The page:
Native traditions continue at ‘Pepper Fest’

Discover how, by honoring the legacy of Parkrose raised musician Jim Pepper, this organization goes on celebrating our indigenous people …

This village appears at Parkrose High School – as the 2018 “Jim Pepper Native Arts Festival” gets underway.

Story and photos by David F. Ashton

For the fifth year, an event called “Jim Pepper Native Arts Festival” brought Native American music, art and culture to the western grounds of Parkrose High School on September 29.

“It’s a celebration of our indigenous people, and part of our organization’s mission: To improve access to culturally relevant music education for Native American students, in the name of [American jazz saxophonist, composer, and singer of Native American ancestry] Jim Pepper,” explained Sean Cruz, Executive Director of the Jim Pepper Native Arts Counsel.

Stopping for a photo are Jim Pepper Native Arts Counsel Board members Black Bear Guerrero and Robert Van Pelt, here flanking Executive Director Sean Cruz.

“We’re carrying on this tradition of celebrating the legacy of Jim Pepper, one of the greatest musicians and most original voices to have emerged from our state, and now inducted into the Oregon Music Hall of Fame,” Cruz told East Portland News. “Even though he’s the only Oregon musician whose instrument is enshrined at the Smithsonian Institution in Washington DC, many people haven’t heard his his music, because it’s mostly out-of-print.”

The N’Chi Wanapum Canoe Family entertains.

Visitors browsed through the temporary village, shopping among 40 Native American arts vendors, and visiting with representatives of governmental agencies and bureaus, and others from nonprofit organizations.

Music and cultural programs emanated from two stages during the celebration, showcasing a cross-section of traditional and contemporary Native American music, performed by students as well as professional musicians.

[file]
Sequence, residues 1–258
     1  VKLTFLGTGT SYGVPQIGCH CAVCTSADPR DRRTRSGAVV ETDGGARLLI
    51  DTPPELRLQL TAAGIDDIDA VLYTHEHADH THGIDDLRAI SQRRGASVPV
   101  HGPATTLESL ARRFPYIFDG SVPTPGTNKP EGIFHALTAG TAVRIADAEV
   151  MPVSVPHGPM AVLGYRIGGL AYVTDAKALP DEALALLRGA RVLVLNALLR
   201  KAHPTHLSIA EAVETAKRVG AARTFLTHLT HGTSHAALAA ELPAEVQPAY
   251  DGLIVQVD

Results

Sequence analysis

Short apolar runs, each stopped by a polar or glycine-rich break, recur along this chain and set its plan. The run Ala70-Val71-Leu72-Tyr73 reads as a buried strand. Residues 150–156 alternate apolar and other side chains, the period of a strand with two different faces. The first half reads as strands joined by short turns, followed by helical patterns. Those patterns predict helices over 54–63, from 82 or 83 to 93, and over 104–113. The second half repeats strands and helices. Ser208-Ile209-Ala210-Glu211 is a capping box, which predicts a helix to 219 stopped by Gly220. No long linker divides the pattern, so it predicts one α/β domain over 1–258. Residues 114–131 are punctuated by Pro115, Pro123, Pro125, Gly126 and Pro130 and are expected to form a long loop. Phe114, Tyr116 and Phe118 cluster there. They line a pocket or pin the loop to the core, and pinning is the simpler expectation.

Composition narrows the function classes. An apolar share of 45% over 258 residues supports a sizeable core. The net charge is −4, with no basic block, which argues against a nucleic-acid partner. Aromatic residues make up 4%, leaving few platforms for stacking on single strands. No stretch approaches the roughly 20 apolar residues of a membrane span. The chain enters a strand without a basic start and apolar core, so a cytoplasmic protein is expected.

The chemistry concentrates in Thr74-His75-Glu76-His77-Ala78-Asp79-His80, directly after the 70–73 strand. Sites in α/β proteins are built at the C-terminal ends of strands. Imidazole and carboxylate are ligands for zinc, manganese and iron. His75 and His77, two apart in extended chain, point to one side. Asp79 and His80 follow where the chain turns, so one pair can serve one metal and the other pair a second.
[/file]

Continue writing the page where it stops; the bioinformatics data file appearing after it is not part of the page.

Debra Lira, a member of the Turtle Mountain Band of Chippewa Nation, shows her artwork.

“And, we’re respecting the educational legacy of his mother, Floy Pepper, the first Native American educator hired by Portland Public Schools. She had a distinguished career for more than 60 years as a professional educator, with the Council’s new Speak/Sing Native™ program,” remarked Cruz.

Speak/Sing Native™ is a new, trademarked, multidisciplinary, collaborative approach to culturally-relevant Native American music education, combining the performing arts, multimedia technology, and indigenous language preservation.

Chanting and drumming are members of the Turquoise Pride drum circle.

When he sees this Native American village appear each year, Cruz told East Portland News, “I feel a lot of pride, because I love these people. I’ve been working on Jim Pepper’s legacy projects for 14 years, and it’s put all of these people into my life that I would’ve never met otherwise.”

At the festival’s end, the encampment had vanished once again; but, organizers say, it will return next year.

Learn more about the festival and Council at their official website: CLICK HERE.

On our Front Page:
Sweetwater Nannauck drums and sings learned from her (Tlingit) great-grandmother – a traditional medicine woman.

© 2018 David F. Ashton ~ East Portland News™


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